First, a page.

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5 Foods on Your Thanksgiving Table for Better Eye Health | Bard Optical

Put These 5 Foods on Your Thanksgiving Table for Better Eye Health

Thanksgiving food

As the holiday that celebrates bounty, Thanksgiving is not a time to hold back at mealtime. Fortunately, there are foods that are as healthy as they are delicious. All of these options have nutrients that are beneficial for your eyes and delicious for your tastebuds.

You’ve heard “you are what you eat,” and this applies to eye health, too. Certain nutrients have been found to decrease the risk of age-related eye degeneration by 25 percent. In 2013, the original AREDS study (Age-Related Eye Disease Study) updated its original recommendations from 2001. Below are five foods that fit with the AREDS recommendations and might fit with your Thanksgiving menu.


1. Veggie Tray

Start your healthy eating with appetizers that include carrots and red bell peppers. Carrots may come as no surprise. Any orange food tends to have high amounts of vitamin A or its precursor, beta carotene. Beta carotene is a red-orange pigment that chemist W.H. Wachenroder first isolated from carrots in 1831. The body converts it into vitamin A, which is, in turn, a necessary ingredient in rhodopsin, a protein that helps the retina absorb light.


2. Spinach Salad

Get the meal off to a healthy start with leafy greens, which Medical Health Today points out “are rich in both lutein and zeaxanthin and are also a good source of eye-friendly vitamin C.”

For added eye-health benefits, toss some oranges segments into your spinach salad. Citrus is rich in the antioxidant vitamin C.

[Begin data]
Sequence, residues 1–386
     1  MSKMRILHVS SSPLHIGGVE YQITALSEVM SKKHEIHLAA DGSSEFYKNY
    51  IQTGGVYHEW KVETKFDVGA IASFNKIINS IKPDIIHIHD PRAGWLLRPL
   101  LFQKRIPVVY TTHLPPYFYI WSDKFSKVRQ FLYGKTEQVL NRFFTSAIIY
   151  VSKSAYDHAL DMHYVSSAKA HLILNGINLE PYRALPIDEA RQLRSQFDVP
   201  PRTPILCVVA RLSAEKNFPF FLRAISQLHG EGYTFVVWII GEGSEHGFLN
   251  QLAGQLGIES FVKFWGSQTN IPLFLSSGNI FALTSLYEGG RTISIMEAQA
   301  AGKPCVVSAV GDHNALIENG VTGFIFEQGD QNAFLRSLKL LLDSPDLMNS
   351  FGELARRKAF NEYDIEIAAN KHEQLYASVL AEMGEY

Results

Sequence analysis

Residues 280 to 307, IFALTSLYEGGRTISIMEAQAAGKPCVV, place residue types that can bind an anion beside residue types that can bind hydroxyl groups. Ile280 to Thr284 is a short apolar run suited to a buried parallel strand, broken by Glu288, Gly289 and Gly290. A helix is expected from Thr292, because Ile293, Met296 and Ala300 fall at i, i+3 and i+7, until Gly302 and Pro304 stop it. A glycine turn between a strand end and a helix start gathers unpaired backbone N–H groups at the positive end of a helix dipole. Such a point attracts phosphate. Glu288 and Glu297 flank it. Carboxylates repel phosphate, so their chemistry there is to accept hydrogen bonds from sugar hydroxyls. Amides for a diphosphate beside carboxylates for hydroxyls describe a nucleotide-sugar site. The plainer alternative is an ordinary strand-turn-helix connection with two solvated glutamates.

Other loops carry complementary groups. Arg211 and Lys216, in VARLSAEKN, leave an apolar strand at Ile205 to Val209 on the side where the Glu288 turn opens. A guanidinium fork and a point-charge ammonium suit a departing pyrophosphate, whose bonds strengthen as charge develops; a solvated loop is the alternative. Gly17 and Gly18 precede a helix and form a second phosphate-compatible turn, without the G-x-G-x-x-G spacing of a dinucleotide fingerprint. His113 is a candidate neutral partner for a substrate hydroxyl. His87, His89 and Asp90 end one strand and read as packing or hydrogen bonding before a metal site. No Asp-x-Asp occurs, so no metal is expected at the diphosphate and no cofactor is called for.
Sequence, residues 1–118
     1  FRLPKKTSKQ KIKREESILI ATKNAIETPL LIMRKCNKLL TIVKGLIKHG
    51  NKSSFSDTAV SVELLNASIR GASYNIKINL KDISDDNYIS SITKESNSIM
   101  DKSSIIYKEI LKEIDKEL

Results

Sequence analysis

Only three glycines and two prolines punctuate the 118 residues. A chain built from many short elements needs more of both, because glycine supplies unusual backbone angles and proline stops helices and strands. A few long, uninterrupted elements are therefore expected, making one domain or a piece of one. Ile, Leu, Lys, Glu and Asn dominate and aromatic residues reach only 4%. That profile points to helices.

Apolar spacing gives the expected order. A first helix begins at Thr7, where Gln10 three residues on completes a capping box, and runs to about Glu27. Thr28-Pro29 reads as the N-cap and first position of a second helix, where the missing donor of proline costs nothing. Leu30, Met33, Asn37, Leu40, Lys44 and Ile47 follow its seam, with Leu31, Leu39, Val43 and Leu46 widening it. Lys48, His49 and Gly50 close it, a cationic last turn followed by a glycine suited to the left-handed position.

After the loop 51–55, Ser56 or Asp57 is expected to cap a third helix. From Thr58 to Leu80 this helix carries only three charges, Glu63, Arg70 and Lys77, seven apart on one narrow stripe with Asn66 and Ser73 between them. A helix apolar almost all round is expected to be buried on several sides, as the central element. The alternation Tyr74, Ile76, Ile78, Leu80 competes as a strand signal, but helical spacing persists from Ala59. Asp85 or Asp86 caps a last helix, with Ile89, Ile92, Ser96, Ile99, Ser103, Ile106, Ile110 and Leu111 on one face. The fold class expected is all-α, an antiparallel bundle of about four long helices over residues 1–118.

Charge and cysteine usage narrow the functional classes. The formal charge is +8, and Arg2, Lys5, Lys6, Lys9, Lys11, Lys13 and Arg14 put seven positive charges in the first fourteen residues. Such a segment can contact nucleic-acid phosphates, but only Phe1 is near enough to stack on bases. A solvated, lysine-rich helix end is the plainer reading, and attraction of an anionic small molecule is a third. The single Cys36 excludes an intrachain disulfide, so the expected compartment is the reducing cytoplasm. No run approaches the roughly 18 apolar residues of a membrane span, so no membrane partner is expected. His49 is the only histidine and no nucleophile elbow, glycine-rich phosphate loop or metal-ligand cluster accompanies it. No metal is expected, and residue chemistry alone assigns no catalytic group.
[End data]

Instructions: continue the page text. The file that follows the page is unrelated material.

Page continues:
And for a boost of omega-3 and vitamin E, top with nuts or seeds, like chia, hemp, or flax.


3. Sweet Potatoes

While they are easily confused with yams, sweet potatoes are so much more common in the U.S. that most people probably have never seen a true yam. Sweet potatoes are much higher in beta carotene, and they also contain vitamin E, which can help slow age-related degeneration in cells.

Your sweet potato casserole will have a nice healthy crunch with walnut or pecan pieces on top. Nuts are another good source of healthy fats like omega-3s.


4. Eggs

Hardboiled eggs make a good appetizer or can accompany dinner. You can use eggs in desserts such as bread pudding or egg custard, as well. Lutein and zeaxanthin are both found in large quantities in eggs. These two nutrients help preserve the health of the macula and prevent AMD (age-related macular degeneration), a common eye condition that accompanies aging.


5. Pumpkin Pie

The third orange vegetable on our list is pumpkin, and pumpkin pie is a classic way to end your Thanksgiving meal. Pumpkins deliver a high dose of zinc, which your bodies need to bring vitamin A from the liver to the retina to make the eye-protecting pigment melanin. Wash it down with milk fortified with vitamin A for a sweet treat for your eyes.

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